Gautama, honed by his ordeal to an acute self-awareness, turned to deep and extended solitary meditation and it was this that brought him to a state of enlightenment. Weeks of reflection enabled him to elaborate his fundamental insights into a coherent doctrine and practicable programme for living. An awareness that most of his fellow-creatures were blessed with but limited and varying abilities to comprehend his message induced him to hesitate before committing himself to a life of teaching. But eventually he rejoined his five former companions and induced them by his sincerity to listen to his first sermon, 'Setting in Motion the Wheel of Truth.'
The core fo the Buddha's teaching is summarised in the Four Noble Truths:
- suffering and conflict are inseperable from human existance;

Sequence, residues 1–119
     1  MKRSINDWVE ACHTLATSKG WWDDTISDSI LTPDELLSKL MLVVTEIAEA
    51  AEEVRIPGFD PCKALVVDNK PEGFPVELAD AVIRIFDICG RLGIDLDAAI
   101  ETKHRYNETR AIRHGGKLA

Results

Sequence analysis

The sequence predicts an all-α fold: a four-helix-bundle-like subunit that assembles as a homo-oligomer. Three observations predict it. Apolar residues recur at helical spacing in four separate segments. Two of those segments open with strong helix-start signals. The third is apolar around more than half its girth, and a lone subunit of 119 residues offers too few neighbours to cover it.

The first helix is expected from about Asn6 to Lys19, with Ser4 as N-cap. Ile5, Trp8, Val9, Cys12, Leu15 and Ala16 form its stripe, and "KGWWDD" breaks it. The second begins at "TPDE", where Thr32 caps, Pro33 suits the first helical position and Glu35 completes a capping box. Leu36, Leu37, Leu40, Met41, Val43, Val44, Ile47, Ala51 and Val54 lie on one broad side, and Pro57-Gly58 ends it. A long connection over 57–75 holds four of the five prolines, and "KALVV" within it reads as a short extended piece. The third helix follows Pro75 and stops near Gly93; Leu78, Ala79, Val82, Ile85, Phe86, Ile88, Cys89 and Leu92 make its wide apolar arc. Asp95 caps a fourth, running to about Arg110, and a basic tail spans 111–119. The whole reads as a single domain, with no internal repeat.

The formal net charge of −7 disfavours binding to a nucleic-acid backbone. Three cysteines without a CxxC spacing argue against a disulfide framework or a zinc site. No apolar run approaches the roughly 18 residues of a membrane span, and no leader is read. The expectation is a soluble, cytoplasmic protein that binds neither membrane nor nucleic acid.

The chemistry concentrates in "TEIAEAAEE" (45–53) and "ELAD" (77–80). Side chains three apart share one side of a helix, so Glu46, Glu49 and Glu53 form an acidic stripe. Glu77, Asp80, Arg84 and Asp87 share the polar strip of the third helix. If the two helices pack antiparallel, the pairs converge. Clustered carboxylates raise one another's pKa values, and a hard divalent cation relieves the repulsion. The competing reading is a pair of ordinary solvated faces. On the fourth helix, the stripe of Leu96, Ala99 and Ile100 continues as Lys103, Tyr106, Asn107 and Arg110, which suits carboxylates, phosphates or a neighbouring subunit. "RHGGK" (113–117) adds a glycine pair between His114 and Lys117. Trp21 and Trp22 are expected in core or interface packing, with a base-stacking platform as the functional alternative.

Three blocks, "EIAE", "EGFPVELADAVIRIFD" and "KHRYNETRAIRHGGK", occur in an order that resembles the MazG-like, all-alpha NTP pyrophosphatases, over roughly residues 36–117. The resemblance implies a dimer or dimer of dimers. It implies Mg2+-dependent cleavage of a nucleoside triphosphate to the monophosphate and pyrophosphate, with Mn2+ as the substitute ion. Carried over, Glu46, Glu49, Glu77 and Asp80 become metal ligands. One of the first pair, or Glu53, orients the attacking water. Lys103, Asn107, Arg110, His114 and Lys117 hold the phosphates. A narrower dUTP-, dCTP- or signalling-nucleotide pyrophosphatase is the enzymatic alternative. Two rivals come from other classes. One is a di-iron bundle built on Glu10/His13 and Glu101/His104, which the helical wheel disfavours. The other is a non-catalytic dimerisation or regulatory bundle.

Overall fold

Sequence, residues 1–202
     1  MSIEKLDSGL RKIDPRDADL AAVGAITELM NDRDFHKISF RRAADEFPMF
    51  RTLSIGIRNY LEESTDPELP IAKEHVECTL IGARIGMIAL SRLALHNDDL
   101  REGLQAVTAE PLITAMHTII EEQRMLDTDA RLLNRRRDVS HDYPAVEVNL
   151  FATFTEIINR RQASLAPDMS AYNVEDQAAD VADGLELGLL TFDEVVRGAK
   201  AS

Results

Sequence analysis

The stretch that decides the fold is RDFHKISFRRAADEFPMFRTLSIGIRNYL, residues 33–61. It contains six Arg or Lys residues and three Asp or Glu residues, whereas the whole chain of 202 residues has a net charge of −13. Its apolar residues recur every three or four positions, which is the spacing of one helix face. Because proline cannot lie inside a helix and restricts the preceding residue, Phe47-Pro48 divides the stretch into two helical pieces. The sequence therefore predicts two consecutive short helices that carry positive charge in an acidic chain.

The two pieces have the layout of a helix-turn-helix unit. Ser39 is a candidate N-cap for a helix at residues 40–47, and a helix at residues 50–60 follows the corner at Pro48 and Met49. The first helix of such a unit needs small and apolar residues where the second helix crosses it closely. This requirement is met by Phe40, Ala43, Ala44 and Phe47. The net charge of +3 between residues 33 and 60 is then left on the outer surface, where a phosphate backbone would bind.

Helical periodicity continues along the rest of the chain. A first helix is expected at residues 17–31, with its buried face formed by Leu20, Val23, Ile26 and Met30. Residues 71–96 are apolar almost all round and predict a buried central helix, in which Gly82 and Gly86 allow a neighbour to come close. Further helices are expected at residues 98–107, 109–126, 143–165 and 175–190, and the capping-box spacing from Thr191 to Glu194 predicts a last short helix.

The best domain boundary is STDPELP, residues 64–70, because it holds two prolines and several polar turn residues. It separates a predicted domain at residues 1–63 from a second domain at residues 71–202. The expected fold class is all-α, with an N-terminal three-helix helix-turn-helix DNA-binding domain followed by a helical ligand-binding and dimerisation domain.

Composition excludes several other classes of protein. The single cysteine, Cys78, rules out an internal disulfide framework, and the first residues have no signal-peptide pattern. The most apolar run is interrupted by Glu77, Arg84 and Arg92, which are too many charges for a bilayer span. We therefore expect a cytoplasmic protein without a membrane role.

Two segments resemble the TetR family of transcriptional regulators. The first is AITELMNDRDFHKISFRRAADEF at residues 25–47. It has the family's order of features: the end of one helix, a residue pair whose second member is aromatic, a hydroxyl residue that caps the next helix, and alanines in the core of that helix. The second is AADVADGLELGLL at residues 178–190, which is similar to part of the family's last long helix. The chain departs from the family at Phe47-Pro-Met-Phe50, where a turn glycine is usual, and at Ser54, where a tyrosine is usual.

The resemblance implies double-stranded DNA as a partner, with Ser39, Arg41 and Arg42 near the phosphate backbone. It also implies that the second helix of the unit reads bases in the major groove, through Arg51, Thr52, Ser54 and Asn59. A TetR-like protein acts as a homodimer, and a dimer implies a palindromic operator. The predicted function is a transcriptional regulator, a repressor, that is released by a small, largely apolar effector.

- they arise from egotism and its expression in desire, ambition etc.;
- liberation from endless reincarnation into non-existence is attainable;
- the means of attainment lies in the Noble Eightfold Path.
The Noble Eightfold Path, a 'middle way' between asceticism and hedonism, requires its follower to pursue:
right view (ie of the Cosmos and the place of humans in it)
right purpose (ie the essential moral energy to aspire to truth)
right speech (ie avoiding false or defamatory speech)
right bodily action (ie avoiding excessive sensuality, theft or aggression)
right livelihood (ie occupations harmless to other living things)
right effort (ie constant endeavour to cultivate virtue and avoid vice)
right sensitivity (ie constant self-awareness)
right concentration (ie meditating to focus one's consciousness)
The congregation for the first sermon became the first five Buddhist monks, the core of the sangha (community) committed to living out and communicating his truth (in Sanskrit, dharma).
The Buddha devoted the rest of his life to teaching and died at eighty (more strictly speaking he is regarded as having been finally released into nirvana from the round of rebirth). After his cremation his relics were shared among the states and cities which had built monasteries to shelter members of the sangha.